One way to fight gravity is with levity. One German state government is taking its countermeasures against militant Muslims online – to YouTube. The political leaders of North Rhine-Westphalia (NRW) have launched a channel to showcase satirical videos targeting a youthful audience.
The NRW Office for the Protection of the Constitution deployed its two-pronged solution to prevent online viewers from becoming radicalized due to watching persuasive Islamic recruiting posts that glamorize violence and promise rewards in the afterlife for conforming to the medieval belief system. A satirical YouTube channel is broadcasting alongside a factual channel.
Islamic extremists use social media tools to communicate, organize, and indoctrinate. Their purpose is to recruit warriors – especially young and impressionable ones – for their ongoing jihad (holy war against all infidels, the evil non-believers). Why not fight self-righteous fervor with lampooning humor?
The Muslim activists promote their militant subculture under the brand “Jihad Cool,” suggesting that jihadism – including public insurrection, rape, and murder – is a desirable and trendy lifestyle choice for youngsters.
Interior Minister of NRW Herbert Reul pointed out in a press statement that 3,100 Salafist extremists still reside in Germany after the military defeated the formal caliphate of the Islamic State (IS). Those antagonists had not “vanished into thin air.” Rather, they continued their recruitment efforts via the internet:
“They are still active and use all channels on which they can find young people…A constitutional protection agency that takes its task of prevention seriously simply cannot opt out of being active on such platforms. We must go where our target group is.”
Reul further declared that “wit, humor and facts are democracy’s strongest weapons.” Game on!
The officially-comical “Jihadi Fool” channel launched on August 22, 2019, at the Gamescom computer games trade fair in Cologne, Germany. Programming is produced in a sketch comedy format that (quoting the NRW Interior Ministry) “satirically addresses the absurdity of radicalization, terrorism, and Islamism.”
The educational channel, which mentions the German government’s satirical videos and contradicts Salafist propaganda with facts, launched five days later, on August 27.
The channels’ video offerings have attracted over 11,000 views with mixed reviews. While some are amused, others question this use of taxpayer money. As of August 25, the Jihadi Fool channel claimed 424 subscribers.
The NRW project has received €500,000 ($557,000) to produce 32 satirical videos and 16 factual videos over the first pilot year:
“One satire shows a right-wing populist and an Islamic extremist bonding over sexism and homophobia while trying to convert passersby; another shows a fictional TV show titled “Goodbye Syria,” in which a former extremist adapts to the mundane struggles of life back in Germany.”
The government of Saudia Arabia is powerful and wealthy from oil production. The Saudis, led by Crown Prince Mohammed bin Salman, made online satire that “disrupts public order” a crime punishable with jail time and a hefty fine on September 4, 2018. The public prosecutor broke the news with a Twitter message:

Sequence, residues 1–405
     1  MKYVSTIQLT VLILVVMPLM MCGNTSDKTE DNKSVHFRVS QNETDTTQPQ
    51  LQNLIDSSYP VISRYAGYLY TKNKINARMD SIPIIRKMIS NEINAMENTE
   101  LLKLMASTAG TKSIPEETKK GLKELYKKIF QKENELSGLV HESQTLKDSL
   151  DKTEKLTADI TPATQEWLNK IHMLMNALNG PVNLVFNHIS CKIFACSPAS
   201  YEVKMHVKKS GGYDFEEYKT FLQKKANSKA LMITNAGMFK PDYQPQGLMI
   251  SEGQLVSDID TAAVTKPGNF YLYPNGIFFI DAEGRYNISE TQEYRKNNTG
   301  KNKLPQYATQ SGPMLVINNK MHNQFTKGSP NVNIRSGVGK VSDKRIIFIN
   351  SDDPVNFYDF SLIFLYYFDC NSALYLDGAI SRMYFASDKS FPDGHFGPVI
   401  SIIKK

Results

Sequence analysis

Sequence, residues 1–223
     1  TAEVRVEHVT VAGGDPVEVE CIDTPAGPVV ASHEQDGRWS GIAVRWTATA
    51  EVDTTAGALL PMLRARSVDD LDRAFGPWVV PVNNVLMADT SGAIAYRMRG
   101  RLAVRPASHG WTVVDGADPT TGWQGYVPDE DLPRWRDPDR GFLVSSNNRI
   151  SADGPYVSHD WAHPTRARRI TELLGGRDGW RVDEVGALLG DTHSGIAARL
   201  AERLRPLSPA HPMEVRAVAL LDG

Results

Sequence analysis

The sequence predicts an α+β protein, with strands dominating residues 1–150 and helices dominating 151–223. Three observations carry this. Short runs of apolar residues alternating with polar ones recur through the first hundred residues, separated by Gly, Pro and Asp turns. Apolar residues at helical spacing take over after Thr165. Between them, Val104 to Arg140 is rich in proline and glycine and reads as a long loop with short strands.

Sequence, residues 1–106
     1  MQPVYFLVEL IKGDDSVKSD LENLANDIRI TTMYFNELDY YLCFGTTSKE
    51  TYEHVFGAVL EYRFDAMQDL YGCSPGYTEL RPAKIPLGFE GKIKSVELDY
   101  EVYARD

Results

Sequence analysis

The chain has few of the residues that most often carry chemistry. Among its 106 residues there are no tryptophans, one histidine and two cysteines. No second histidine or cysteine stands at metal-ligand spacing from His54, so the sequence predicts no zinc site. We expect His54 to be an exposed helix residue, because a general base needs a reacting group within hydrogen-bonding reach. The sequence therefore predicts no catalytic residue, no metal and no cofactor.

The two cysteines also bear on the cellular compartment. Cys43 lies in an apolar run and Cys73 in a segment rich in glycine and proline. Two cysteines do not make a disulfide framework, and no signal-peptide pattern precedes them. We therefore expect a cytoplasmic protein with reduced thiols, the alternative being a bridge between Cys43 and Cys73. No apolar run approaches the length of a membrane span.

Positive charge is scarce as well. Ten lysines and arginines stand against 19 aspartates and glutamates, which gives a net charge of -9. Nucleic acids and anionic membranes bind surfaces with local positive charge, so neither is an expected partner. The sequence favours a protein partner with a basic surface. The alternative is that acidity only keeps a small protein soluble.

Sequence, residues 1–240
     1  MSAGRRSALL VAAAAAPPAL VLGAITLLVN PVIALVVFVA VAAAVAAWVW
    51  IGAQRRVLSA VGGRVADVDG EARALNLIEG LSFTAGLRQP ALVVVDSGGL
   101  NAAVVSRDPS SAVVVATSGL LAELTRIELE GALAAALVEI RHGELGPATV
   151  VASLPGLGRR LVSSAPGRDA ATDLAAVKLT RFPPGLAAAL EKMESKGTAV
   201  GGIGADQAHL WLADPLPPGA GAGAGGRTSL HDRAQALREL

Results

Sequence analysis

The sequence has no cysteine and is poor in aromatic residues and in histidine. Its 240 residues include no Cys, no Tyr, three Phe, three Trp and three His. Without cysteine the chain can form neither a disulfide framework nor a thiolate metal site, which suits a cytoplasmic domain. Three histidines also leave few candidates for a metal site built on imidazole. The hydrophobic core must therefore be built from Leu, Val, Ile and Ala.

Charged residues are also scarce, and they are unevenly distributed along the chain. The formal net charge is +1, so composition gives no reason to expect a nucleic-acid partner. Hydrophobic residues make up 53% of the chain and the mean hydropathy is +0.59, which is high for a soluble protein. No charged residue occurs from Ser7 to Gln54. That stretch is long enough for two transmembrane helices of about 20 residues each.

“Producing and distributing content that ridicules, mocks, provokes and disrupts public order, religious values and public morals through social media…will be considered a cybercrime punishable by a maximum of five years in prison and a fine of three million riyals ($800,000).”
That law followed in the footsteps of a September 2017 action against “terrorist” crimes when authorities called on the general public to snitch out their fellow citizens, tattling on their social media content.
After proclaiming the ban on internet satire, Saudi Arabia’s public prosecutor also announced that the state would seek the death penalty in the case against Sheikh Salman al-Awda, a prominent 61-year-old reformist cleric in the Specialized Criminal Court who, with 20 others, was arrested in 2018. The influential religious leader preached greater respect for human rights within Sharia.
For this and other progressive beliefs, the sheikh was arrested in September 2017. He was accused of keeping silent about or refusing to publicly endorse official Saudi policies, including a quarrel with Qatar over supporting the Muslim Brotherhood.
Salman al-Awda was charged with spreading discord and incitement against the Crown Prince. Speaking for the global human rights group Amnesty International, Dana Ahmed condemned the double-whammy strikes against free expression as indicative of “a disturbing trend in the Kingdom (that) sends a horrifying message that peaceful dissent and expression may be met with the death penalty.”
Critics of the German YouTube channels that plan to fight fiery Islamic rhetoric with western barbs and taunts doubt the venture will succeed without some support from Muslim religious leaders. There is also a language barrier to overcome: imams who could speak out against Salafist ideas in their mosques often have limited fluency in the German tongue, making media appearances virtually impossible.
Speaking for the NRW Interior Ministry, Wolfgang Beus, said that the ministry will assess the project’s development and track the sites’ user traffic to assess its effectiveness and decide whether to extend the counterterrorism campaign for a second year.